A focus on empowerment and justified anger,
The results, logged a year after the course’s completion, are notable: a 46% reduction in completed rape and a 63% reduction in attempted sexual assault. (study done in 2014)
The results will bolster the work of University of Oregon professor Jocelyn Hollander, who completed a similar study of empowerment self-defense course takers in 2014. Hollander’s study is not randomized or as large, but the results are very similar. A half dozen other, smaller studies also corroborate these findings.
Research suggests empowerment self-defense could be a game-changer
There is, however, another method to prevent rape that some researchers believe is effective. Called “empowerment self-defense,” this strategy teaches psychological awareness, verbal assertiveness, and female self-defense over a series of classes. Relying on data and scholarship, the female-led courses teach young women that most assaults come from acquaintances, not strangers. They also teach women how to identify sexually coercive and predatory behavior, and how to deflect that behavior. The last part of the class teaches women physical maneuvers designed to incapacitate a man (i.e., targeting men’s weak spots—the groin, eyes, neck, and kneecaps).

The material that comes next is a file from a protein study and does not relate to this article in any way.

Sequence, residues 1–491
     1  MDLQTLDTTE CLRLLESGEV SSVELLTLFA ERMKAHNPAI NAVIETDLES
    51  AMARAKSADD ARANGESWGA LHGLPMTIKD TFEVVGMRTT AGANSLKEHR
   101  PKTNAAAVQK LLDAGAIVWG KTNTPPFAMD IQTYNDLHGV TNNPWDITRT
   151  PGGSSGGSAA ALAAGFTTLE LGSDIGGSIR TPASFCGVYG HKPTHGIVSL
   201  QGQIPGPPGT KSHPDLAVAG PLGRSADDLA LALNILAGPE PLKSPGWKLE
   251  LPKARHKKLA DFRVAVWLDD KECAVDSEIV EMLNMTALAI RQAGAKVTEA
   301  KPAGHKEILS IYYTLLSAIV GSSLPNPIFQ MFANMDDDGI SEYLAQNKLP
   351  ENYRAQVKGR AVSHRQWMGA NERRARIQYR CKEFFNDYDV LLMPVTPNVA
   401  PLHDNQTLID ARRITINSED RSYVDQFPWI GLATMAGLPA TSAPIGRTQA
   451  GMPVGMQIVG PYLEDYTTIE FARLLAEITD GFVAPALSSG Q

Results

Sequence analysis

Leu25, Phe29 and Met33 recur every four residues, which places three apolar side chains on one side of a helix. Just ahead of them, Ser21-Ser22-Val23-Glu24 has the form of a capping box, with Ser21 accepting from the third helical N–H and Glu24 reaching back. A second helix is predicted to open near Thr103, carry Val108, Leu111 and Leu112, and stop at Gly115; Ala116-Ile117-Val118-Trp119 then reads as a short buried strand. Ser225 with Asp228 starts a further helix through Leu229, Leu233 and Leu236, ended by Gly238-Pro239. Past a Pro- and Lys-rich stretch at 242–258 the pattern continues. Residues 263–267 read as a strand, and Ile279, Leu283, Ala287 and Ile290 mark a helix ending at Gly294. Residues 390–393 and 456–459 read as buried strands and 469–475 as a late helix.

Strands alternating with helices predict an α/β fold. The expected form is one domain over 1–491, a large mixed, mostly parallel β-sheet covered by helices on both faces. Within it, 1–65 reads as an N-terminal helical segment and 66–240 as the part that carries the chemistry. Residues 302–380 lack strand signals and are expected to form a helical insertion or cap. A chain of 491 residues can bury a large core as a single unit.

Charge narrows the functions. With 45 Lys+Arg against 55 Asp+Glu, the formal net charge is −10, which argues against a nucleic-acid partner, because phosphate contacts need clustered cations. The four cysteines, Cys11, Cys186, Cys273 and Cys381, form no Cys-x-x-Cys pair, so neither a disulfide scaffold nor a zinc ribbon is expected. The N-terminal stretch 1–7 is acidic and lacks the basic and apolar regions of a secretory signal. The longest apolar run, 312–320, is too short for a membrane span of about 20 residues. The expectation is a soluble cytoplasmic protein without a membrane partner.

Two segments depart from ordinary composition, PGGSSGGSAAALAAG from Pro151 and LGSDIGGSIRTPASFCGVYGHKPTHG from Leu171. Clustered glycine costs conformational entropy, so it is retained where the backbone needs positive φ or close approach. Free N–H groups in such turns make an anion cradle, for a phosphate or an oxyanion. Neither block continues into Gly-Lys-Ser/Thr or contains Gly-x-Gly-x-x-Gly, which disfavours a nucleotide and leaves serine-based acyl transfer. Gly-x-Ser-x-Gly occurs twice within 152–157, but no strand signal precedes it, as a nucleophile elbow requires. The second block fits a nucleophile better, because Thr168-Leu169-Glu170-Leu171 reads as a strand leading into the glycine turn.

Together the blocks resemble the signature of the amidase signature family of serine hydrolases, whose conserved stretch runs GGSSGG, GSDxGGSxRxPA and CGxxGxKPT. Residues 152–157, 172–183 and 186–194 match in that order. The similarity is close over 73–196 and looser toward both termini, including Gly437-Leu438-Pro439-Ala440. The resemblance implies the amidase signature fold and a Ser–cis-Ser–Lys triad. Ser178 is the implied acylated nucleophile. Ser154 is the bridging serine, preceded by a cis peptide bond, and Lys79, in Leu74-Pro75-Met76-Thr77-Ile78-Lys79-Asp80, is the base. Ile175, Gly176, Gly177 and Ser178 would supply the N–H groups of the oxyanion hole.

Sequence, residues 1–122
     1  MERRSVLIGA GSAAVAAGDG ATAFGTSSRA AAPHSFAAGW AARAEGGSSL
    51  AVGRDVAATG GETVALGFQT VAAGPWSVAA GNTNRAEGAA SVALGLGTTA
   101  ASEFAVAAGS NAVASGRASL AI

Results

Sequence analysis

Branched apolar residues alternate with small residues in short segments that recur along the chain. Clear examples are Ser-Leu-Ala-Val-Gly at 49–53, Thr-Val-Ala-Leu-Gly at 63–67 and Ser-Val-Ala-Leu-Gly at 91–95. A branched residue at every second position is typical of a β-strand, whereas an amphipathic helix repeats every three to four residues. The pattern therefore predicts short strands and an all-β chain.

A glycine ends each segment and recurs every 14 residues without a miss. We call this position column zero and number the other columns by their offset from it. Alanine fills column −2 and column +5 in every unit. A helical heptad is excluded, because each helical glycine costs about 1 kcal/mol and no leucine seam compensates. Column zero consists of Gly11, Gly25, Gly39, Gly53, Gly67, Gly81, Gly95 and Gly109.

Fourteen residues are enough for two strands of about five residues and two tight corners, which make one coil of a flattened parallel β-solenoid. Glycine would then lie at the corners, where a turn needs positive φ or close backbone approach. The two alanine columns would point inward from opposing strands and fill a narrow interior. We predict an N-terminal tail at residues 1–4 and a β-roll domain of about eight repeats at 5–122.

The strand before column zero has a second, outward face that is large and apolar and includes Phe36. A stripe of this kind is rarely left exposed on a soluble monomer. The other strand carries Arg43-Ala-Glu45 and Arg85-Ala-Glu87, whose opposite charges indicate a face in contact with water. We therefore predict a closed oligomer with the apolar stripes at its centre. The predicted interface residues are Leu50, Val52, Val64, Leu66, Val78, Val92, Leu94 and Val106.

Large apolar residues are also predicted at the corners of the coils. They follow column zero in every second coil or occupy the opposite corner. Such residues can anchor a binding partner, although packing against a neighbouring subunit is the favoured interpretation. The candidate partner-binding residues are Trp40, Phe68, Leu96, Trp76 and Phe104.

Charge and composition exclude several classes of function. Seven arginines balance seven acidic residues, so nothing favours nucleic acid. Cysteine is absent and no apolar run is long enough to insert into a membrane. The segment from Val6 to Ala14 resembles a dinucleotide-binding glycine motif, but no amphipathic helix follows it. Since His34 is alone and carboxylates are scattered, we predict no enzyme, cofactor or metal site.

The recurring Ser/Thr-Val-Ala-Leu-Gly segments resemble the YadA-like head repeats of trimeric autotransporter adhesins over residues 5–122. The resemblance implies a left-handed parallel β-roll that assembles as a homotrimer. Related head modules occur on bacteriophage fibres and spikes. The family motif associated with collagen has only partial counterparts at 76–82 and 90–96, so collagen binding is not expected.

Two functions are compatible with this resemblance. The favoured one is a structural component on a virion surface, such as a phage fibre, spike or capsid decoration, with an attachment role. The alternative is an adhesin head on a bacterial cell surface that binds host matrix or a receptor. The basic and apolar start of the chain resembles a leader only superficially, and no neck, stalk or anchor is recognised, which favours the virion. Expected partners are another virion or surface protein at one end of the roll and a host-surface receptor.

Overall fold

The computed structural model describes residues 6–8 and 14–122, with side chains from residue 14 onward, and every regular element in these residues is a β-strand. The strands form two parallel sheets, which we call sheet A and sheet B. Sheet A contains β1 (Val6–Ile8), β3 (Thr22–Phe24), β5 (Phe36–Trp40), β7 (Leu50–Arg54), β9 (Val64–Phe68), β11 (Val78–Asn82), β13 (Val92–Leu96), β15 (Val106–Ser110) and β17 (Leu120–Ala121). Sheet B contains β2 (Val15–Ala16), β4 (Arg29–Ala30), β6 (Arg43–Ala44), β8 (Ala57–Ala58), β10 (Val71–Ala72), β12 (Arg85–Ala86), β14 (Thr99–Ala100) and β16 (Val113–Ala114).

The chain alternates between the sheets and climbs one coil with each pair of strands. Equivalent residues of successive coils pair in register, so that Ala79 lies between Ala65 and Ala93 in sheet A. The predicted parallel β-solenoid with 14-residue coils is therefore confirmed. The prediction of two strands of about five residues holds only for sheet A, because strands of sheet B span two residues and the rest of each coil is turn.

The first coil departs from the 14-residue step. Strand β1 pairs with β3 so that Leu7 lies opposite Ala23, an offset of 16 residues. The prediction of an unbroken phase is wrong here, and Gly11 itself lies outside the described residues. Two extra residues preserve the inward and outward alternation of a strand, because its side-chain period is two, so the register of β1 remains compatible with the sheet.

- Don't be a victim. Be prepared.
- Train to succeed. Use your emotions. Control your stress.
- Accept and practice the correct techniques. Have discipline.
- Stay focused and concentrated. Trust yourself.
- Enjoy a safe life.
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